The orchid room
The orchid room Photo: courtesy of Shudder

We talk about the different ways that people have been learning to communicate in lockdown, the sudden glimpses that we’ve been getting of people’s homes and home lives, and the possibilities that opens up for telling stories even with static camera positions.

“I worked with this amazing production designer, Adri Siriwatt, who was the production designer for Knives And Skin,” says Jennifer. “Just talking about how to curate the video conferencing frame, because that's how we see everyone except for Ken. Sometimes we see Ken in his own self tape, video conferencing space, but then oftentimes we see him also just in his own space. So we are there with Ken, but everybody else, we knew we were going to just see them through a screen. And so working with Adri, we really wanted to curate those spaces, to give us just enough information about that character's environment and make it seem believable, because at the end of the day, we were shooting all in one location.

“Often, if the camera had moved a couple of inches in either direction, just outside of our video conferencing frames was hair and makeup and the craft table. We had to really get particular about what was in someone's background, but also make sure it wasn't too flat. We also had to figure out how far we could get from the actor and their environment to make that seem believable.

“I think people who've seen Knives And Skin understand that production design and art direction is really important to me as narrative content. So I just thought, we can't dismiss that even though we're dealing with a limited and very flat space, and with those screens, you know, working with the VFX team. We didn't shoot any of that stuff actually with a webcam, we shot it with a beautiful Arri Alexa with anamorphic lenses. It was really important to me that we deal with the screen light in a very cinematic way. We were very particular about the kind of subtle filter that got put on the screen. So it was like there was some pixelation in there and we were building in some little digital glitches and getting the colour right.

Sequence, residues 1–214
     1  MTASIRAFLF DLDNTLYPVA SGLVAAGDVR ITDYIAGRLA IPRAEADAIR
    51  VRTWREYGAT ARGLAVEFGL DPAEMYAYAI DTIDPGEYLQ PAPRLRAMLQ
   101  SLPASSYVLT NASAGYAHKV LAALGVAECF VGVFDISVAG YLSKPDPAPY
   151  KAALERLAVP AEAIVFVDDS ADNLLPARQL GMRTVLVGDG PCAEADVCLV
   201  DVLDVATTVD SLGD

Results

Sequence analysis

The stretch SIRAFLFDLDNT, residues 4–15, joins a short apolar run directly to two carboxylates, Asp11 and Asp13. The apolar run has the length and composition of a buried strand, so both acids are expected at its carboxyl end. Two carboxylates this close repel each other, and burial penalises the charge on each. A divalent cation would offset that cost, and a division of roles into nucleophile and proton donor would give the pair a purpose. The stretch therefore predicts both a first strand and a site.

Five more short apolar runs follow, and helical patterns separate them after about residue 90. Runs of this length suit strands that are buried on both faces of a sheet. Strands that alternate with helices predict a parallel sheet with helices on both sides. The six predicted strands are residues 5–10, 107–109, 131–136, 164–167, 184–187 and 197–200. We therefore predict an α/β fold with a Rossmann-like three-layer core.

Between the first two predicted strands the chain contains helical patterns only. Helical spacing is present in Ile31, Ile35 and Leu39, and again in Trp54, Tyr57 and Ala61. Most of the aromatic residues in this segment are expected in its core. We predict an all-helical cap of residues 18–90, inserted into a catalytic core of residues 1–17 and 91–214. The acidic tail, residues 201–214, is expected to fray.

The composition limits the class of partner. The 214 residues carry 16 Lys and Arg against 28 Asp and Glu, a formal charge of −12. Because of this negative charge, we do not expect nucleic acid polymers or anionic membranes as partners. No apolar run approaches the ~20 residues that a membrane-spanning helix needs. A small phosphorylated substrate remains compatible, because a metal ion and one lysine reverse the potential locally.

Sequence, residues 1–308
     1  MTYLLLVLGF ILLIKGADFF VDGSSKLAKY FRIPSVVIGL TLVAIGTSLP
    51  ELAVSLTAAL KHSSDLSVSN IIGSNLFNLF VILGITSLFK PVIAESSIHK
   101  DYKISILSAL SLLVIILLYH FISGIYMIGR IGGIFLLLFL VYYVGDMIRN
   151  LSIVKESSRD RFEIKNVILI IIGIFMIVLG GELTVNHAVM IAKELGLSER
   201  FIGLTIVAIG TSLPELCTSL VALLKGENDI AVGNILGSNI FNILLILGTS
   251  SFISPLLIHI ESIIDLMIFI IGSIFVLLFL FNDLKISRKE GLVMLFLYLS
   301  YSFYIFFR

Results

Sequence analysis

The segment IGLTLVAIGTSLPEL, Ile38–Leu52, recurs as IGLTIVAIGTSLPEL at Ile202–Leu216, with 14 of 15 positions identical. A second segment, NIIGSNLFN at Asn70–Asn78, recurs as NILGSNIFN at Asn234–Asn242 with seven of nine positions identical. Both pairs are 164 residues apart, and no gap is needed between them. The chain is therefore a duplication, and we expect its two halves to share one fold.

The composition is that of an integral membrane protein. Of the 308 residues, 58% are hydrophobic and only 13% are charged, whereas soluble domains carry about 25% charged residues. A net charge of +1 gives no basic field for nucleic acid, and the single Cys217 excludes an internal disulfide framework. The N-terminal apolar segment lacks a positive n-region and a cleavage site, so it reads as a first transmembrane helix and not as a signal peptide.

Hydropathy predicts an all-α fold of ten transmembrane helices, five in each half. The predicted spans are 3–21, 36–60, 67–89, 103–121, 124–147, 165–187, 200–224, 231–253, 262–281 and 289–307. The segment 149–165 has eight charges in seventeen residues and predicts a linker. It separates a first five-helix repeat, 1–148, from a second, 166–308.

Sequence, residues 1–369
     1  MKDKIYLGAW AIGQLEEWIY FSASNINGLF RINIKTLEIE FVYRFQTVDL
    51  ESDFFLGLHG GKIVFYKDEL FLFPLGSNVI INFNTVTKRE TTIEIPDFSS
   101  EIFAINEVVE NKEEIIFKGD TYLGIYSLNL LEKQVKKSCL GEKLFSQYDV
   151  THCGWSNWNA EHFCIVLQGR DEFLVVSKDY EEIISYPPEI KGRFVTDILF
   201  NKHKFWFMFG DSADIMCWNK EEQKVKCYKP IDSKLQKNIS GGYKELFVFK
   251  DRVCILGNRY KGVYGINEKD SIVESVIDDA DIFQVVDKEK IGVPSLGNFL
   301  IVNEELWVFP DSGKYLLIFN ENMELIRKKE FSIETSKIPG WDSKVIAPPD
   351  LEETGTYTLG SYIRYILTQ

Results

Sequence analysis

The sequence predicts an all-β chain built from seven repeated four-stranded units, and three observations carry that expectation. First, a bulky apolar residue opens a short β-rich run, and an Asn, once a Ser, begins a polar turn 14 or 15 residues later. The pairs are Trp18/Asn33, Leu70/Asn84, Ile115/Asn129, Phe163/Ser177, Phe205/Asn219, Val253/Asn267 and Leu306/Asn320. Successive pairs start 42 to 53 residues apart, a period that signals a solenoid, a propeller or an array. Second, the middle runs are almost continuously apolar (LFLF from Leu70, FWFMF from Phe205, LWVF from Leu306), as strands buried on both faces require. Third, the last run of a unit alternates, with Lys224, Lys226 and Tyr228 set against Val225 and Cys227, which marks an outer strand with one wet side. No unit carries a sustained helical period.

“In some of the shots when we're looking at the screen over Ken's shoulder, there's a very minimal menu bar at the bottom of the screen. You don't want these kind of screen moments to be gunked up with lots of bad graphics, you know. We wanted to keep the screens as elegant as the footage that we shot in Ken’s actual house.

Don't answer the door
Don't answer the door Photo: courtesy of Shudder

“We've always wanted to think about Ken having a very particular way that his daily routine plays out. He's got almost no furniture. The most active room in the house is this kind of taxidermy room, and then the orchid room. We tried to, at least in the orchid room, in particular, use that as a way to suggest his unravel. So for instance, the first time that he's in the orchid room, it's in pretty good order, and then at some point, when he's when he's having quite a bad day, we see that the orchids are unattended, there's some that are knocked over and they're kind of moved around, there's beer bottles in the orchid room, and then he kind of straightens it back back up when he's feeling a little more confident.

“I also just wanted to suggest that his anxiety is related to stomach problems, so he's having this consistent relationship with a pink liquid, an antacid that goes directly into his coffee, which of course is totally antithetical to how that works. But I just wanted to have that moment that feels both funny and concerning the first time he opens up that cabinet and it's just all of the rows of his pink antacid. So some of the moments are supposed to feel awkward, be funny and also concerning, but we tried to shoot Ken in quieter moments with a lot of sympathy and a lot of a tenderness. At the end of the day, I want an audience to feel a genuine tenderness towards this man who is in grave peril.”